following compilations for 1977 and 1983. The figures presented relate to mid-1990. To
the best of our knowledge all congregations in the United Kingdom are included: we would
be pleased to be told of any unwittingly omitted. In order to compare data across
synagogue groupings and between areas, our analytical base (which is described fully
in the Appendix) is such that data presented here for individual synagogues may differ
from membership figures published by synagogal bodies. This is particularly the case
where synagogues count husbands and wives as two individual members: we have
considered them as one household membership.
marriages and of burials and cremations of Jews for 1989 The findings are
presented below. As in past years, marriage and death totals are
subdivided into various synagogue groupings. This is done for analytical
purposes and in order to indicate trends. The statistics for groups show
only which section of the community recorded the marriage or death. They
in no way measure the level of religious observance of individuals
In giving an overview of Jewish women in Great Britain I intend to touch on three areas: Jewish organizations; participation in synagogue life; and the position of Jewish women's research in Britain. The main sources for the data I quote are the regular compilations of synagogue membership and estimates of population which the Board of Deputies Community Research Unit has conducted regularly the past thirty years; and two recent large scale-studies: The Review of Women in the Jewish Community in 1993 for the Chief Rabbi's Commission on Women; and The Survey of Social Attitudes of British Jews conducted by the Institute for Jewish Policy Research in 1995.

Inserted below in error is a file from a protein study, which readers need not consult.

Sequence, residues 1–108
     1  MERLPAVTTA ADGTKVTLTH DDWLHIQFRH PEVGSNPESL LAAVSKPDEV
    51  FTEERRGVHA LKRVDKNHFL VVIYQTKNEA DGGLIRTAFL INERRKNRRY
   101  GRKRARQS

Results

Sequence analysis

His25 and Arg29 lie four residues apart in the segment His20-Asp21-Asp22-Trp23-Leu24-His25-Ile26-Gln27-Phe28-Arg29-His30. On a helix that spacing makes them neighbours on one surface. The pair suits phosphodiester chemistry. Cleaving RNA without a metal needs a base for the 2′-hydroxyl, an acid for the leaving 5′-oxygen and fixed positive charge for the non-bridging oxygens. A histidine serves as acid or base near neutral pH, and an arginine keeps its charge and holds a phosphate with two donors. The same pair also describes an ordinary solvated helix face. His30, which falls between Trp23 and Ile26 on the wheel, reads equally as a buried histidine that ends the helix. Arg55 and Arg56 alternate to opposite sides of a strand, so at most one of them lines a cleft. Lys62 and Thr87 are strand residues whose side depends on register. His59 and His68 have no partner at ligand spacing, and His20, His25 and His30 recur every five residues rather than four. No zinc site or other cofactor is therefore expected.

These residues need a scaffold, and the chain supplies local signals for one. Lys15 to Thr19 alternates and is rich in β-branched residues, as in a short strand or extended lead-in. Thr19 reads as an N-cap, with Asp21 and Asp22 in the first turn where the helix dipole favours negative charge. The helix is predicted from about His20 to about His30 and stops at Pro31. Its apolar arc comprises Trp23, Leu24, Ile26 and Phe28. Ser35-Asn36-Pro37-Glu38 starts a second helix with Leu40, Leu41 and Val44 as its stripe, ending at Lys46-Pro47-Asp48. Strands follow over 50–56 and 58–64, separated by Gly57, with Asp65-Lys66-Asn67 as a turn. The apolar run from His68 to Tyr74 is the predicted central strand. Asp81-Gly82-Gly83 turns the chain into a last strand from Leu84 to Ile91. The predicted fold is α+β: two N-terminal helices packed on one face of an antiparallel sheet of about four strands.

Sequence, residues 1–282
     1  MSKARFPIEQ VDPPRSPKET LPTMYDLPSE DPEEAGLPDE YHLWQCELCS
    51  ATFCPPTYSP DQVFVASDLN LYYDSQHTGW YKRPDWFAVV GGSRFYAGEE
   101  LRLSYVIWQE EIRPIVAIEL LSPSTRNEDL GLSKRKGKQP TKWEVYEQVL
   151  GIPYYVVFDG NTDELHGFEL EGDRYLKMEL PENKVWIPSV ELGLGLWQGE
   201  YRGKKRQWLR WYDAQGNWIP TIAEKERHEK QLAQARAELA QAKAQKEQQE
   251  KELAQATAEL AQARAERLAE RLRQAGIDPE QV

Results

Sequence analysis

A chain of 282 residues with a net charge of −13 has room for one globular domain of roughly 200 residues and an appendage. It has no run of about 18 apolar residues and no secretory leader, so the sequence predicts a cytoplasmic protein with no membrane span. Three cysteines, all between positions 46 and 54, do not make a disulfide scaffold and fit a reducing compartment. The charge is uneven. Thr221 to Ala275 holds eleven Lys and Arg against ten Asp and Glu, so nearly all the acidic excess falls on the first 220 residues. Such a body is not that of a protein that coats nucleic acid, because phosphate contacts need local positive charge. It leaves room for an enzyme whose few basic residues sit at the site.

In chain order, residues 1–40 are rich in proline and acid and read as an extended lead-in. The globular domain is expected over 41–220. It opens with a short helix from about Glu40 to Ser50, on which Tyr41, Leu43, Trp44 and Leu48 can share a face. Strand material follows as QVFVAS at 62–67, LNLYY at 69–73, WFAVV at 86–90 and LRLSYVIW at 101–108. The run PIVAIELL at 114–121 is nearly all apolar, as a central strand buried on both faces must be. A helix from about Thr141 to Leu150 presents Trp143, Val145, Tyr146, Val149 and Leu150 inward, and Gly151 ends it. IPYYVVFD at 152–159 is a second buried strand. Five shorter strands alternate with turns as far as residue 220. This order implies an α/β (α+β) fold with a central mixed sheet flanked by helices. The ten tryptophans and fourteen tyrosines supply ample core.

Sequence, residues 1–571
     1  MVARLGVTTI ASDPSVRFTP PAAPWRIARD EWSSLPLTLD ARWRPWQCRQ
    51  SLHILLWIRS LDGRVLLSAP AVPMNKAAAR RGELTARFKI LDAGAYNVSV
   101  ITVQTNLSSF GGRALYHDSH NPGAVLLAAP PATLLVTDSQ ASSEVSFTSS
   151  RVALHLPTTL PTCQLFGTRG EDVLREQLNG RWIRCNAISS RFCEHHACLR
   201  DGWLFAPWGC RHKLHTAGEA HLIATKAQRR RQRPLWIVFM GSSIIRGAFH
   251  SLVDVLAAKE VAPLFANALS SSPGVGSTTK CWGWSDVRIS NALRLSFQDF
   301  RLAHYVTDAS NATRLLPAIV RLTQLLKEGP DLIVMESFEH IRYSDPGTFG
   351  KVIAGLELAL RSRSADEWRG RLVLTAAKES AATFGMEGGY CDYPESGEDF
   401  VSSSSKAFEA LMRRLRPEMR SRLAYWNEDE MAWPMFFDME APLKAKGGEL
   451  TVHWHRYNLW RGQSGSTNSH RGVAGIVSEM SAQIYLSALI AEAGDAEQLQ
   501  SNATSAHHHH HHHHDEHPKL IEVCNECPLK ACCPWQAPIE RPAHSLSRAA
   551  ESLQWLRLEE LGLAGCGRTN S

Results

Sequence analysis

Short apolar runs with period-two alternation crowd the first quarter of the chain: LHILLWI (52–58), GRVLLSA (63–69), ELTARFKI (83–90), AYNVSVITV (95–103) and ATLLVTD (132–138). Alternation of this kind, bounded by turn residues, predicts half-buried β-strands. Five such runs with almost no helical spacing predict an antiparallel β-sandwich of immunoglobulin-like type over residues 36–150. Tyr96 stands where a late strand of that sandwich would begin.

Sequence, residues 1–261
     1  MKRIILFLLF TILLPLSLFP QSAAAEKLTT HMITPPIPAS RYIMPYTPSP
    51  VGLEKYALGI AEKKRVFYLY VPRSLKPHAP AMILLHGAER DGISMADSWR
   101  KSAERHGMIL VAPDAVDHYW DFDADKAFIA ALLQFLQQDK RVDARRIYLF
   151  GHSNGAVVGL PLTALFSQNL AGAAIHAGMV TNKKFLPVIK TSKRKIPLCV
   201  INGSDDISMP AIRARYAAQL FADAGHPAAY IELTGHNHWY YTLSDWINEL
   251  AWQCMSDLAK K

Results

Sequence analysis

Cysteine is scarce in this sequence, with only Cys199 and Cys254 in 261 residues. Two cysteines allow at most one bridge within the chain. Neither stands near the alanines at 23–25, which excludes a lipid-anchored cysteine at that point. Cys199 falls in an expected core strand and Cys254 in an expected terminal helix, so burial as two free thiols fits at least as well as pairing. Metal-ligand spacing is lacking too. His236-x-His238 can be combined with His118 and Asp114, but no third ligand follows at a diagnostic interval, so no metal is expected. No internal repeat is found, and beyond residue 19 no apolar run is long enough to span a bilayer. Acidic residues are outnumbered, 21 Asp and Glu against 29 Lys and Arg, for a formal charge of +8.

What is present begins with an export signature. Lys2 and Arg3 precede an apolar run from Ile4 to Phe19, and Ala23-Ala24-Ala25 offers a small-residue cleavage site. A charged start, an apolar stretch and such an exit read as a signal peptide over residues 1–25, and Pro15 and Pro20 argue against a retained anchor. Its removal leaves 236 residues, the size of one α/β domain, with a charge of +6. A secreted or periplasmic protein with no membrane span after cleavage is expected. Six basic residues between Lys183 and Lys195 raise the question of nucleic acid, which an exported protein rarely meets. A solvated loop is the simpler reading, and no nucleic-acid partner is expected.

of Deputies approximately every five years, is published jointly with the Institute for Jewish Policy
Synagogue membership data are of particular interest to community leaders and planners because
they provide the only consistent indicator of patterns of Jewish affiliation over time. No other survey
regularly reports on the denominational structure of the Jewish community in the UK. The data are
also unique in providing a consistent indicator of Jewish belonging – a measure of proactive
attachment and commitment to Jewish communal life.
Despite the continuing decline in synagogue affiliation over the last generation, the synagogue, as an
institution, nevertheless continues to be the principal arena of formal affiliation to the Jewish
The data presented here reveal a dynamic picture of communal change in the UK, charting changes in
the religious make-up of the community. We have sought to provide as functionally relevant a measure
of synagogue membership as possible within the limits of the data that we were able to obtain.